Cumberland Willis Posey, Jr.
- Bats Right, Throws Right
- Height 5' 9", Weight 145 lb.
- School Penn State University, University of Pittsburgh, Holy Ghost College
- Born June 20, 1890 in Homestead, PA USA
- Died March 28, 1946 in Pittsburgh, PA USA
Cumberland Posey Jr. was born to Cumberland Willis and Anna Stevens Posey on the 20th of June, 1890 in Homestead, Pennsylvania. His parents served as positive examples for his achievements. His father; Cumberland, worked on the Ohio River as a riverboat engineer later becoming general manager of the Delta Coal Company while perusing real estate and banking interests also. His mother; Anna Stevens Posey, was the first black graduate of Ohio State University also to become a teacher at the institution.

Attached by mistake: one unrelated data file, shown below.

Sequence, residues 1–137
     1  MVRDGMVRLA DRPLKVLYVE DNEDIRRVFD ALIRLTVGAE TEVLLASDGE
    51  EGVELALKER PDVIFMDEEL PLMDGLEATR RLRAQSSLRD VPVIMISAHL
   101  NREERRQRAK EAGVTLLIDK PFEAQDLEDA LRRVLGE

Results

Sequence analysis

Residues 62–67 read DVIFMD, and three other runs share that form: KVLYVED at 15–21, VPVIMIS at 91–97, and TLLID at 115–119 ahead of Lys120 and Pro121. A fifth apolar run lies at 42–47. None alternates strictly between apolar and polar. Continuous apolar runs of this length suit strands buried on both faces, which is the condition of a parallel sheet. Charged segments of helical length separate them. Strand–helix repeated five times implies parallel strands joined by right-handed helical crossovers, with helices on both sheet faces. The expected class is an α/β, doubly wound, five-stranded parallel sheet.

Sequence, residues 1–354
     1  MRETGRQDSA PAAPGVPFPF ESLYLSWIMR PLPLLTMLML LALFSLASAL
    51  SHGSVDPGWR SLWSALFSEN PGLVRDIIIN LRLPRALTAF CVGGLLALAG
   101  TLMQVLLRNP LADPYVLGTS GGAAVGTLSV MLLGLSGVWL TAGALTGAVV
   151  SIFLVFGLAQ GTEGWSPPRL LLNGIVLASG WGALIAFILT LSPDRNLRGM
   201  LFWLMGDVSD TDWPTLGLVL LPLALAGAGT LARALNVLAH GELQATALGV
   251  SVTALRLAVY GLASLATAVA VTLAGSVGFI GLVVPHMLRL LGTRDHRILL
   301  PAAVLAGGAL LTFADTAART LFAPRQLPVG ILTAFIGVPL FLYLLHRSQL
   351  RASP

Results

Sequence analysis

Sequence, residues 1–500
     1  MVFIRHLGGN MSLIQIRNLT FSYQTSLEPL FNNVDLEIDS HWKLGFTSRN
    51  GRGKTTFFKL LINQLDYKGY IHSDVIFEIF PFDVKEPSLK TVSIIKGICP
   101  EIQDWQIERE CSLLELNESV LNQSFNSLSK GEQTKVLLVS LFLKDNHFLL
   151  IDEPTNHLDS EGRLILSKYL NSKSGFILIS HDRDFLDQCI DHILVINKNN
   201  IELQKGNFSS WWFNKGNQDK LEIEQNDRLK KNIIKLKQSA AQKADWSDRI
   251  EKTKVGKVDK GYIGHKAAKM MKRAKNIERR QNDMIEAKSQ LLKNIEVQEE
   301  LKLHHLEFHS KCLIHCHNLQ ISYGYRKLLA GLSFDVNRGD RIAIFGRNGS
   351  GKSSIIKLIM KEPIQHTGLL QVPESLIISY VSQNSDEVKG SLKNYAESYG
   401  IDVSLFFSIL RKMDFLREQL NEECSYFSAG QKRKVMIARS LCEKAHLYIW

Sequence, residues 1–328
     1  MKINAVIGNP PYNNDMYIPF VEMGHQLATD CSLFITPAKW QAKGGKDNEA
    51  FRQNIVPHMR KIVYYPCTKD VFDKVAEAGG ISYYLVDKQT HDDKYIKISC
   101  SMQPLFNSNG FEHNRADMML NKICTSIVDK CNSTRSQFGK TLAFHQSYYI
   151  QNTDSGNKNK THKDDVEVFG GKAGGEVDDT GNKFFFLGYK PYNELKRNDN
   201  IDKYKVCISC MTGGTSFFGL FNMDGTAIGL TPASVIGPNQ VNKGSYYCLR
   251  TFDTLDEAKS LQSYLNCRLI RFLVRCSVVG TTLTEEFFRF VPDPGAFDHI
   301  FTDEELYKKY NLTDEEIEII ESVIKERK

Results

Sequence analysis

To profile the life and achievements of Cumberland Posey it would be neglectful not to share the appropriate attention to the fact that he was an all-around athlete. Posey played and managed semi-pro football prior to 1910 and was a star on several Pittsburgh area teams including the Delaney Rifles and the Collins Tigers. While at Homestead High School he blossomed into a bona fide basketball star, winning a city championship with the team in 1908, he would go on to attend Pennsylvania State College from 1909-1910 and the University of Pittsburgh in 1913. He also attended Holy Ghost College from 1915-1919 under the false name Charles W. Cumbert as well as passing as a white player. While there he would lead the team in scoring from 1916-1919 and be named captain of the golf team. Holy Ghost College would become known as Duquesne University where Posey is enshrined in the Duquesne Sports Hall of Fame recognized by his real name. Posey was considered the best African American player of his time and while he was a pro basketball star he formed and guided the famous Monticello Athletic Association team that won the Colored Basketball World’s Championship in 1912. In 1913 Posey changed the team name to Loendi Big Five. Loendi won the Colored Basketball World's Championship four years in a row, from 1920 to 1923. He retired from basketball in the late 20’s to focus on baseball and a weekly column that ran in the Pittsburgh Courier, a prominent black weekly newspaper.